Bug #1844 Slow performance with select count(*)
Submitted: 15 Nov 2003 15:14 Modified: 17 Nov 2003 7:28
Reporter: Ron Gage Email Updates:
Status: Can't repeat Impact on me:
Category:MySQL Server: InnoDB storage engine Severity:S3 (Non-critical)
Version:4.1 alpha OS:Linux (Slackware 9.0)
Assigned to: Dean Ellis CPU Architecture:Any

[15 Nov 2003 15:14] Ron Gage
ok, it's probably because of extra trap code you put in to catch errors and what not, but I tried a simple "SELECT COUNT(*) FROM type_1" against a recently compiled 4.1 alpha, and it took over 4 seconds to return the results.

Mysqld and mysql were running from the same machine so no network should have been involved.  Mysqld is using the my-huge.cnf file as distributed from the source distro (with the replication stuff commented out).

On the same table layout with Mysql 4.0.16, the above SQL takes less than .1 seconds to complete.

FWIW: the table has 1,250,033 records in it.  in it's final form, I expect this table to have over 50 million records in it.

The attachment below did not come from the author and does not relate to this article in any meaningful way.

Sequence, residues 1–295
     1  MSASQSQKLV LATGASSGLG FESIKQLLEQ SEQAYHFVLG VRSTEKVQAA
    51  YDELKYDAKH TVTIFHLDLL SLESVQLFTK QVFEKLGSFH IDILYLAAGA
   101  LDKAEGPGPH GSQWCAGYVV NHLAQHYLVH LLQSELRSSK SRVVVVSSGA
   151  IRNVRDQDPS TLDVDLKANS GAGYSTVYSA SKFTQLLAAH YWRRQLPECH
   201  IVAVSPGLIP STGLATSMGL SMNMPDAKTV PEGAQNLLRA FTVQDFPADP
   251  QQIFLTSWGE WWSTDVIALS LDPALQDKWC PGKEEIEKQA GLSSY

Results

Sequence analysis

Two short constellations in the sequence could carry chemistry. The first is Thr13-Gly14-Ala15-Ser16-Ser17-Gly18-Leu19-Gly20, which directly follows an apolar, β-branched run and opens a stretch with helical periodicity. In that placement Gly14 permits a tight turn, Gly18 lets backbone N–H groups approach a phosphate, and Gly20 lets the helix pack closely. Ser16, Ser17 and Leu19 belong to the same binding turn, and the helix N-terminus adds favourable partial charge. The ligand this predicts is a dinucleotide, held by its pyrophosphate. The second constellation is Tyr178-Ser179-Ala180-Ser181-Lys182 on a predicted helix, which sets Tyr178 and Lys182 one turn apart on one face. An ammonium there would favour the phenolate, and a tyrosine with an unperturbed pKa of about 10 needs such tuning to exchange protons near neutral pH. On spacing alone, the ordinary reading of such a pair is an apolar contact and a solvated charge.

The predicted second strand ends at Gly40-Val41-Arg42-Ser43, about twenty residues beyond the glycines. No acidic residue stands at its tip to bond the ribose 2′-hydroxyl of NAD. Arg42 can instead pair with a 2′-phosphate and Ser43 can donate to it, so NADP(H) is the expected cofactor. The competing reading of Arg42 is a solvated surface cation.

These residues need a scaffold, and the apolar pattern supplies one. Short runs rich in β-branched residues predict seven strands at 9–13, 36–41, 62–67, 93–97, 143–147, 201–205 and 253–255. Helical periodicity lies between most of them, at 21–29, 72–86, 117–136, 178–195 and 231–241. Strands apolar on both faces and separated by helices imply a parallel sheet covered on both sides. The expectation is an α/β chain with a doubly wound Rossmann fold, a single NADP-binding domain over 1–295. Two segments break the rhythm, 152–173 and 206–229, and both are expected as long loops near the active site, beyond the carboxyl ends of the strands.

The table is currently defined as an InnoDB table.

Machine is an Athlon XP-2700 with dual 73 gig SCSI drives and 512 meg of ram.  Kernel is 2.4.22.

How to repeat:
Connect to the MySQL instance on for this weekend (15-Nov-03) and try it for yourself.  

Username: gis
password: gis
database: gis

select count(*) from type_1;
[17 Nov 2003 7:28] Dean Ellis
Using the latest sources from the 4.1.1 BitKeeper tree, I do not notice any significant performance differences for such a query with a 4 million row test.  Please try your test using the latest sources if you were not doing so.

Thank you
[27 Jan 2004 10:39] Heikki Tuuri

Are you sure those 1 million rows were cached in the InnoDB buffer pool? InnoDB scan the whole table when it calculates SELECT COUNT(*) FROM mytable.